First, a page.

The Supreme Court ruled on April 24, 2019 that an arbitration agreement which is ambiguous as to whether the parties had agreed to class arbitration was insufficient to require a party to participate in class arbitration.

In the 2011 case Stolt-Nielsen S.A. v. Animal Feeds Int’l Corp., 559 U.S. 662 (2011) the Supreme Court decided that “silence” in an arbitration agreement regarding the issue of class arbitration meant that a party could not be compelled to engage in class arbitration.  In the more recent case of Lamps Plus, Inc. v. Varela, an employee had sought to compel his employer to arbitrate on a class basis claims arising out of the release of personal data belonging to its employees.


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Join us in Nashville on January 29 for a complimentary seminar reviewing 2018 employment law developments and looking forward to issues likely to be further addressed in 2019.

7:30 a.m. – 8:00 a.m. Registration and Breakfast 
8:00 a.m. – 10:30 a.m. Program

This event will be held at our Nashville Bass, Berry & Sims office.

Topics will include:
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In an article published in the Nashville Business Journal’s Largest Employers special report on July 6, 2018, I provided a column highlighting three important questions for employers to ask as they strive to reduce harassment in the workplace and cultivate a healthy workplace environment. The effectiveness of an anti-harassment policy often comes down to employee perception of how the policy is enforced, trained and embraced by leadership, so it is important that employers are mindful of the answers to these questions:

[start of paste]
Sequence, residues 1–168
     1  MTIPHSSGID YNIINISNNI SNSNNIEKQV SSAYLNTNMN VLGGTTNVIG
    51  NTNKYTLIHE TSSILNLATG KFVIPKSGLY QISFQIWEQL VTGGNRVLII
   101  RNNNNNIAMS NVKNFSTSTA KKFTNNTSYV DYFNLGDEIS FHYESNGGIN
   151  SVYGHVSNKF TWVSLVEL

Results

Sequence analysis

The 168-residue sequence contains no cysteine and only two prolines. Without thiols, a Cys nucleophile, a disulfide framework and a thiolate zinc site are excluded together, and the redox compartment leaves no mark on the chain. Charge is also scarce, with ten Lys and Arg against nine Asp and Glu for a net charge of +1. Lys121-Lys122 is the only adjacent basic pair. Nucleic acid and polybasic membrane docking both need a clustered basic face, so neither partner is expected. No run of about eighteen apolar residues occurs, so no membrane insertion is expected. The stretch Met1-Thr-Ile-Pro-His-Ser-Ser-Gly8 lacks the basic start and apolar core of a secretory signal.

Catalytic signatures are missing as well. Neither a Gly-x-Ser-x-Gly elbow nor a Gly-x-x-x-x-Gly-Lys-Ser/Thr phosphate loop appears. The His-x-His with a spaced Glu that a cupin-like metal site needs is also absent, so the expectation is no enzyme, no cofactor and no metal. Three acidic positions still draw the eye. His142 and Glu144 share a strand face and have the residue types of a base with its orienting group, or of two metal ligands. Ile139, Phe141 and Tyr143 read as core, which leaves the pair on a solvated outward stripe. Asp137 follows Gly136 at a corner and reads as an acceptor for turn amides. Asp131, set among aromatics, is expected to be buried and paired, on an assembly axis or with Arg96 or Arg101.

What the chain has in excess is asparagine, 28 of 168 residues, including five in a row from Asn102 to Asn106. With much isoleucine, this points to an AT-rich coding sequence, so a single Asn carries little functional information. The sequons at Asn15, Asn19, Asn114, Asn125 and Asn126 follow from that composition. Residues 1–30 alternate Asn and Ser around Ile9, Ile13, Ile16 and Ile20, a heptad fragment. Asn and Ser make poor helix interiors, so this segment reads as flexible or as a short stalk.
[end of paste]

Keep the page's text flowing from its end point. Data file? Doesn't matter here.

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Bass, Berry & Sims attorney Chris Lazarini commented on a case in which a former financial advisor of JPMS claimed his employment was terminated based on racial discrimination. Through application of the three-part burden shifting analysis developed in McDonnell Douglas Corp. V. Green, the court found no evidence of discrimination and upheld the termination due to the financial advisor’s violation of the company’s document integrity policies and not his race.

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In an article published in the Spring 2017 edition of Employment Relations Today, Bass, Berry & Sims attorney Kimberly Veirs discussed ways employers can avoid retaliation claims in her article “Avoiding Workplace Retaliation: Guidance for Employers.” Workplace retaliation remains the most commonly reported complaint to the Equal Employment Opportunity Commission (EEOC) by U.S. employees across all industries. Following a slew of these claims and high-profile court cases, the EEOC issued detailed enforcement guidance in August 2016 – its first such guidance since 1998. With workplace retaliation included as one of the commission’s substantive priorities in the Strategic Enforcement Plan for 2017-2021, the EEOC remains focused on ensuring that employees and job applicants are able to challenge discrimination without fear of retribution.

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Ohio just passed a new law that could begin a trend favorable to employers. The new law allows Ohio’s Civil Rights Commission, in its discretion, to award attorneys’ fees and costs to employers who are found not to have unlawfully discriminated against an employee. Why is this important?

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